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The Struggle and the Ideals of the Kurds (19th-20th Century)

The Struggle and the Ideals of the Kurds (19th-20th Century)
Kurds are the largest ethnic group in the world that does not have a homeland. Genocide with chemical weapons carried out by Iraq against the Kurds, in October 1988 has become one of the darkest histories for the tribe. In 1988, at least Iraq launched attacks with chemical weapons on Kurdish residents. The incident sparked criticism from various countries in the world.

Although criticism came from various parties, it did not have much impact on the Kurds. They remain a tribe without a homeland and become a minority in the area they occupy. In an effort to fight for their ideals, the Kurds played a number of roles in important events that took place in Asia Minor and the Middle East in the 20th century. Starting from the Sevres agreement to the Gulf war involving Iraq and Iran.

Historical Background of the Kurds


The Kurds are an Indo-European tribes who predominantly adhere to Sunni Islam. Kurds are the fourth largest ethnic group in the Middle East, after Arabia, Turkey and Persia. Approximately 15% of the Middle Eastern population.

They live in an area called Kurdistan (land of Kurds). The Kurdistan region is found in several countries, such as southeast Turkey, northern Iran, northern Iraq, southern Soviet, and northern Syria.

The biggest Kurdistan region is in three countries, namely Turkey, Iraq and Iran. In the 20th century, there were an estimated 18 million Kurds as a whole, with 8 million in details in Turkey, 5 million in Iran, 3.4 million in Iraq, and the rest spread in Syria and former Soviet areas. This number has increased at the beginning of the 21st century, the number of Kurds has increased to around 30-32 million.

Kurdistan is not a country, so it cannot be found on modern maps. The term Kurdistan was first used as an expression of geography by the Saljuk Turks in the 12th century and became a general term in the 16th century. Where many Kurdish territories fell into Ottoman and Safavid control.

The Kurds came from the Medes tribe who entered Parsi from the Central Asia region. They controlled the mountains of Persia from 614-550 BC. After the arrival of the Islamic Arab forces to the mountainous region of Parsi in the 7th century, the majority of them eventually converted to Islam. Until now, there are two main groups of Kurdish Muslims, 75% Sunni and 15% are Shiites.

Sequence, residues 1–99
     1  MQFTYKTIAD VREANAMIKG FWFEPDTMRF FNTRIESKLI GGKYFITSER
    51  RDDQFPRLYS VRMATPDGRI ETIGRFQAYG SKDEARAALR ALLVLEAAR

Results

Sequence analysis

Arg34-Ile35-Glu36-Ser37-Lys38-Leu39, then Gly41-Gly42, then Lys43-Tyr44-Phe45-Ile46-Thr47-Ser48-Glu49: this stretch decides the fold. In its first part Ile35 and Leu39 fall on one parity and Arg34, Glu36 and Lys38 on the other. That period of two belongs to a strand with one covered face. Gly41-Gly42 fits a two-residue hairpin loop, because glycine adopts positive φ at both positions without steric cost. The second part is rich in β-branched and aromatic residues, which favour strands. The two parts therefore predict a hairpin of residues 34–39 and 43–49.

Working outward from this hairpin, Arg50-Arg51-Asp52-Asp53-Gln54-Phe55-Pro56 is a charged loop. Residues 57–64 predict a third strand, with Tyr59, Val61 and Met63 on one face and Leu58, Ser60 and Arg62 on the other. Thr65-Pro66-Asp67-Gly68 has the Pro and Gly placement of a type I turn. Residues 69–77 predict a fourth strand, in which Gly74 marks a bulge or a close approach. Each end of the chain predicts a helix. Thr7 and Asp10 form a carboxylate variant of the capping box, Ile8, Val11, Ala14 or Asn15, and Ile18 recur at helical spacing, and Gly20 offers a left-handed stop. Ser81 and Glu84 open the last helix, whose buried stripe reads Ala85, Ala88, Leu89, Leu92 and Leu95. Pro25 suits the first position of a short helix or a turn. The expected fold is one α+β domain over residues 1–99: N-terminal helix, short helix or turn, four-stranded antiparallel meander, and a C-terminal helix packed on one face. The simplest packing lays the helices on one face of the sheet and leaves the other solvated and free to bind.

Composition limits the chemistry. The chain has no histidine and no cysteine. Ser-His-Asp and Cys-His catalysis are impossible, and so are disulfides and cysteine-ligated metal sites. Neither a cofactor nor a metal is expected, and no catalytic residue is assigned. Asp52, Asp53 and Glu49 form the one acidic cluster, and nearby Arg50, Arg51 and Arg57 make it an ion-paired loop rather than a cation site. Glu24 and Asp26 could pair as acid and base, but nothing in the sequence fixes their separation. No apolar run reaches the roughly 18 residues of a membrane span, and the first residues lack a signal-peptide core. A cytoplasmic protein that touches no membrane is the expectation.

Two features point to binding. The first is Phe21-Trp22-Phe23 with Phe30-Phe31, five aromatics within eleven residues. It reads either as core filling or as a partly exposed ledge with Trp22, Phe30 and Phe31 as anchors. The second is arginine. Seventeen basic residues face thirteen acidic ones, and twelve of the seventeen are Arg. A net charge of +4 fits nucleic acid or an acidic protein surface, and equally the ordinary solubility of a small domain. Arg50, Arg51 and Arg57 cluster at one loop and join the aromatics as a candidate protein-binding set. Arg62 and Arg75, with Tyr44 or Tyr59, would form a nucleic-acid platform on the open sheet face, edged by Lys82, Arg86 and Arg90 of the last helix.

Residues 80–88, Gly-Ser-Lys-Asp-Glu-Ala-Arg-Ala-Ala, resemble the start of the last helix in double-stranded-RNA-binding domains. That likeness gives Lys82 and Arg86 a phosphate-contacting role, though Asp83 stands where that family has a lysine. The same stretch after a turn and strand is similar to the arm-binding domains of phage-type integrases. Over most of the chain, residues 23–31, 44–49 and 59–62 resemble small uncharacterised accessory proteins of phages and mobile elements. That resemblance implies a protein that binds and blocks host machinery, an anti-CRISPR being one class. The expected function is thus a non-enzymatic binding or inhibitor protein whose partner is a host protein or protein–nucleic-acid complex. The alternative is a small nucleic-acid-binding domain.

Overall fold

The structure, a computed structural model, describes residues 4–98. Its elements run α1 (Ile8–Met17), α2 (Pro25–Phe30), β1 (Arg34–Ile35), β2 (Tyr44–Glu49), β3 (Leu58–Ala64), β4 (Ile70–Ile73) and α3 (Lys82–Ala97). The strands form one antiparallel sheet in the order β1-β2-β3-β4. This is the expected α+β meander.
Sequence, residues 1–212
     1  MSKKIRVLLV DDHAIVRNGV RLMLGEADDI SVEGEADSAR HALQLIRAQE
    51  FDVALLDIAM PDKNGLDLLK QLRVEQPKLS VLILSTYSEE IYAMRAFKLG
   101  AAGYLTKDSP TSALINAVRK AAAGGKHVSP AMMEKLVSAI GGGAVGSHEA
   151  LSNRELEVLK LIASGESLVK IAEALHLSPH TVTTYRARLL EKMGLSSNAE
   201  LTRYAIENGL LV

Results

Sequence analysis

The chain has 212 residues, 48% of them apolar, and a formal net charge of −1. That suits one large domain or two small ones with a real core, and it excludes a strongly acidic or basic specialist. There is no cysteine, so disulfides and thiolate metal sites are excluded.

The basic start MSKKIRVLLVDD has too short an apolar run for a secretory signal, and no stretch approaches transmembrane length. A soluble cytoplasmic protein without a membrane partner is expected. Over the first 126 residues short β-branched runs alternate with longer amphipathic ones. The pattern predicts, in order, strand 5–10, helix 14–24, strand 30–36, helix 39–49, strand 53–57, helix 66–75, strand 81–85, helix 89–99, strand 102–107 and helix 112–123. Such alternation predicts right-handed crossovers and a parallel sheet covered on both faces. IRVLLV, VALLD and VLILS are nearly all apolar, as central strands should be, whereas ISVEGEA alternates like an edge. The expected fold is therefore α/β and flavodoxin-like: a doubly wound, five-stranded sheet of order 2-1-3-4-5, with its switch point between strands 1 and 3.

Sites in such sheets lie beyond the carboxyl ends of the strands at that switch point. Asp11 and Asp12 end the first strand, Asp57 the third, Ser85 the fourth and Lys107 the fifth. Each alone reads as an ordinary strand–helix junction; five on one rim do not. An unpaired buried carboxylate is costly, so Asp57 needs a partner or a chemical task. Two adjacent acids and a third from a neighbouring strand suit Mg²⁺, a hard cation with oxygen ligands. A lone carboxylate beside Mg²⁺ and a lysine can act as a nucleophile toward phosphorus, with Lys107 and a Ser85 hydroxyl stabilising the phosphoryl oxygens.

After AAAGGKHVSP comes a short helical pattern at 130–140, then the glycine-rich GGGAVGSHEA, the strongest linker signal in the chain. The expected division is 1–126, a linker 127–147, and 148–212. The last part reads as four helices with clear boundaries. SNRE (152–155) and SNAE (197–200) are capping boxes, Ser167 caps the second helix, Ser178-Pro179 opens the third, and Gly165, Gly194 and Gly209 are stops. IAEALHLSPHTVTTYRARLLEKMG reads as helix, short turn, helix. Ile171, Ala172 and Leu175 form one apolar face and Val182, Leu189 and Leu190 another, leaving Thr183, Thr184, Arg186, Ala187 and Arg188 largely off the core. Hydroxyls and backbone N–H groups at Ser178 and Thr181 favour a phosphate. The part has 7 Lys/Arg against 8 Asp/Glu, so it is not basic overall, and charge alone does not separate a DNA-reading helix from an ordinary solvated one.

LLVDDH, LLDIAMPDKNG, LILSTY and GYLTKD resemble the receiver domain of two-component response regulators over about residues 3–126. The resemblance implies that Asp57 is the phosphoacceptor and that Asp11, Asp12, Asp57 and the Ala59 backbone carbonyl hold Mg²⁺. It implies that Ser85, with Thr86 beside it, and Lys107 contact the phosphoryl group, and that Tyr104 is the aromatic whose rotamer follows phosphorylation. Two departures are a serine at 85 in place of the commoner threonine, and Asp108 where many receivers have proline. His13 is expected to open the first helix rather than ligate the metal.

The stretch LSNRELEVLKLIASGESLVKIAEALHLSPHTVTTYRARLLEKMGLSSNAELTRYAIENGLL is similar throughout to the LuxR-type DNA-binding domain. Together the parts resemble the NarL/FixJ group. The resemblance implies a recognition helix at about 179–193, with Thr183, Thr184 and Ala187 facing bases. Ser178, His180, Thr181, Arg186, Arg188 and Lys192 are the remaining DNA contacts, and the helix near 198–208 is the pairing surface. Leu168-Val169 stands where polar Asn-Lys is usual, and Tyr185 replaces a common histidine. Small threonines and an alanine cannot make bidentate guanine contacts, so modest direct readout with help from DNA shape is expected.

One of the famous figures from the Kurds is Salahuddin al-Ayubbi. The main figure in the Third Crusade was a Muslim leader in dealing with the Crusaders. However, Salahuddin's struggle at that time was in the name of Islam, not as a Kurd.

The Kurds only began to fight for the fate of their nation at the end of the 19th century, precisely in 1880. At that time a rebellion led by Kurdish figures, Shaykh Ubaydullah in the Hakari province under the Ottoman rule.

In 1897, Kurds began publishing newspapers named Kurdistan. The newspaper was funded by one of the famous Kurdish families, Badr Khan. The publication of this newspaper aims to disseminate information about the culture and struggle of the Kurds.

Twenty years later, in 1919, the Kurdish leader, Syaikh Mahmud, proclaimed the Sulaymaniah region as an area independent of British rule. But the British managed to thwart the effort. Despite its failure, the Sulaymaniah event was recorded as the first major uprising in the 20th century.

Syaikh Mahmud's efforts had a major influence on the movement of Kurds in the regions of Iran, Iraq and Turkey. In 1919-1922, under the leadership of Ismail Agha Simitqo, Kurds in Iran and Turkey, struggled to obtain a semi-autonomous region along the Iran-Turkey northwestern border region.

The agreement of the 1920 Sevres treaty, by the Allies and Ottomans, benefited the Kurdish struggle. This is because in the agreement it was agreed to establish an independent Kurdistan region, which had previously been under the Ottoman rule. Although in its development the agreement was not irregular for the Kurds.

In 1923, Syaikh Ahmad Barzani and Mullah Mustafa Barzani began a long campaign to gain autonomy for the Kurdistan region in Iraq. Mullah Mustafa later founded the Kurdish Democratic Party. Besides the Kurdish Democratic Party, another Kurdish party in Iraq was named the Patriotic Union of Kurdistan which was founded by Jalal Talabani.

In Iran, Kurds also formed a political party. Kurdish political parties in Iran were first established in 1942. Three years later, the second Kurdish political party was named the Iranian Kurdish Democratic Party. In the same year, the party succeeded in bringing together all Kurdish movements, including Komola. They then proclaimed the founding of the Republic of Mahabad with its president Qazi Mohammad.